Many drivers find themselves lumped into a category called high risk, often through no fault of their own. They typically have to pay higher rates for car insurance, and their choice may be limited to companies that specialize in high risk policies.
The most common reason for being placed in a high risk category is that you are under 21. Regulations vary from state to state, but in most places insurance companies charge higher rates for younger drivers. The justification for this policy is that younger drivers are more likely to be involved in accidents.
The good news is that younger drivers can often reduce their rates by taking accredited driver training courses. Some companies also give students discounts for maintaining good grades. And you probably will not have to go to a company that specializes in high-risk drivers just because you are under 21.
Some high-risk insurers say that they charge no more for younger drivers, but this statement may not be meaningful because they charge more for all of their policies than other insurance companies.
Some things that insurance companies consider risk factors might surprise you. For example, many insurance companies charge more for drivers who have poor credit ratings. Drivers with poor credit ratings may have more accidents. Many companies also typically charge higher rates for first time drivers, no matter what their age. Again, new drivers may be more likely to have accidents.
Some types of high risk drivers face very serious problems. Your insurance carrier may raise your rates drastically or cancel your policy altogether if you have a large number of traffic tickets or accidents. If you maintain a clean driving record for a number of years, your insurer may "forgive" some of your accidents and violations and reduce your rates. But be warned: insurance companies are particularly quick to cancel your policy if you are convicted of DUI or DWI.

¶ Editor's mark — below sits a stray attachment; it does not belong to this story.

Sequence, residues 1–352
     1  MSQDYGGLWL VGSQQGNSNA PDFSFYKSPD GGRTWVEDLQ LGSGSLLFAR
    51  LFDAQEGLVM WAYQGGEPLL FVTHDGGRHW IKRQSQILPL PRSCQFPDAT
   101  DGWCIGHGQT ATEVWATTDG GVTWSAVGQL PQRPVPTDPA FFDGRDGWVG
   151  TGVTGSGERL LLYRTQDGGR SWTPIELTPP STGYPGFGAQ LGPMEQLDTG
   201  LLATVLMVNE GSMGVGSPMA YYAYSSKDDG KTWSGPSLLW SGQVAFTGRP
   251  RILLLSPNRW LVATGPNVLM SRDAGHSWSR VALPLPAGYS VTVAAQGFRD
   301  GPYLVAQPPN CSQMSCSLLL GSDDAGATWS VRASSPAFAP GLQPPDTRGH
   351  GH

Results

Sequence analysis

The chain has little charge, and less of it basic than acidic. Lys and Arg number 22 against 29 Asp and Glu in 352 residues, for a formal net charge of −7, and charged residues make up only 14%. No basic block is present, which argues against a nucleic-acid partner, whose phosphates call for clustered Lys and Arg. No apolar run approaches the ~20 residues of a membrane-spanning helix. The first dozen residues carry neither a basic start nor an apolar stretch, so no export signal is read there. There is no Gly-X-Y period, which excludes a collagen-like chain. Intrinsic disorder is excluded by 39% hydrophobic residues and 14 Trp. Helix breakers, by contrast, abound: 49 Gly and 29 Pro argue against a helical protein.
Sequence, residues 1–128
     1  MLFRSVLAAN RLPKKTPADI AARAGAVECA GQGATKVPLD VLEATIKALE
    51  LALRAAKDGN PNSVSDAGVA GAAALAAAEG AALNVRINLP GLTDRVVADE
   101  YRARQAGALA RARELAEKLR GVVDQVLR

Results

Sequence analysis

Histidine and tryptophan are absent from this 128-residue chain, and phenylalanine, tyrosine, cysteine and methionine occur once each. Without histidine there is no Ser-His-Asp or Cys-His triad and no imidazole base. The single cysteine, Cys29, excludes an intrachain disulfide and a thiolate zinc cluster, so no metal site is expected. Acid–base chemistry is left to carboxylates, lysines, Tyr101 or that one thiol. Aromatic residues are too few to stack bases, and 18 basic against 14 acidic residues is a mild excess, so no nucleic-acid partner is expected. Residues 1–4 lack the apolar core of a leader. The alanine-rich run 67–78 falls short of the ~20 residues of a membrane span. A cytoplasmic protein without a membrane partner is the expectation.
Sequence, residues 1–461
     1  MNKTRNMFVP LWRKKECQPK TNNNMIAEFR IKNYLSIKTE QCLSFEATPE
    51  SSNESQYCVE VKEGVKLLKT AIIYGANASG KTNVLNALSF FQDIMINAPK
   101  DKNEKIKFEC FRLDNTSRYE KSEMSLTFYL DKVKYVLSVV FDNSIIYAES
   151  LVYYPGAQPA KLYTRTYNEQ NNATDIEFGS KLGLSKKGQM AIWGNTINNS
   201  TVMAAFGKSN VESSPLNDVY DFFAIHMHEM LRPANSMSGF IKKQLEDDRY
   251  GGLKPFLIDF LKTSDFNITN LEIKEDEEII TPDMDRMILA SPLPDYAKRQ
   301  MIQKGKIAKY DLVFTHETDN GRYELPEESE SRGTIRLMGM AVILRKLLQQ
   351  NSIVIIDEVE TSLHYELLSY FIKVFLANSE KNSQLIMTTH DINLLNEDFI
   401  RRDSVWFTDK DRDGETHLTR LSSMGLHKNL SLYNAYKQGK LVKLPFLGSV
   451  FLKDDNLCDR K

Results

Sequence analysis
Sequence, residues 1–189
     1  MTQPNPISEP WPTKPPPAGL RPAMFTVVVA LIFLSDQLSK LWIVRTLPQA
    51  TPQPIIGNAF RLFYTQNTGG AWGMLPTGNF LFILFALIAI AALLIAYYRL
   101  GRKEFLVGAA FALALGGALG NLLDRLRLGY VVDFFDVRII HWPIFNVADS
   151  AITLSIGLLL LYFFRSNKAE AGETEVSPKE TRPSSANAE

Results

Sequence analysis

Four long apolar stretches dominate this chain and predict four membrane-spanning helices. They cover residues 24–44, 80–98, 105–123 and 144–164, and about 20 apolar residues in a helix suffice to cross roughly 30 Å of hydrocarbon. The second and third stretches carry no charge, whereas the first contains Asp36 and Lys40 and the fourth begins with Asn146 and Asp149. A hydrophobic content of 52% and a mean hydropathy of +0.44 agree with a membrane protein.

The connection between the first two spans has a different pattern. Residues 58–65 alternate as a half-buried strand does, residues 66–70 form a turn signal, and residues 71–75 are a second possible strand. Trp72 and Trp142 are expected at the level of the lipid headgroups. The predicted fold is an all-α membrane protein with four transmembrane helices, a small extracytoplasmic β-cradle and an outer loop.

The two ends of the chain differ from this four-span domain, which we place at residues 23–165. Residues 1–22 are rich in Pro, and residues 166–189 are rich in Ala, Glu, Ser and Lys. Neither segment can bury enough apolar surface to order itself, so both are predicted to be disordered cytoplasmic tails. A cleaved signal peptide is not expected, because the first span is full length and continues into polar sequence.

In some cases, a high-risk driver may be required to file an SR-22 form with the state department of motor vehicles in order to keep his license. This typically happens when a driver without insurance has been involved in an accident, or if an accident was caused by a driver's serious violation of the law.
An SR-22 is an official certification by an insurance company that you have at least the minimum coverage required by law. Regulations vary from state to state, but in most places your insurance company must file SR-22 certification for a period of three years after an accident. Some companies specialize in this service. They allow you to request SR-22 certification online, and they file your SR-22 with the state department of motor vehicles almost immediately.
In the past, high-risk insurance policies were offered by only a few companies, and they charged very high rates for coverage. As more insurers have gotten into the business, rates have become more competitive. Still, if you want to keep your rates down, the best advice is to work hard to keep your driving record clean.
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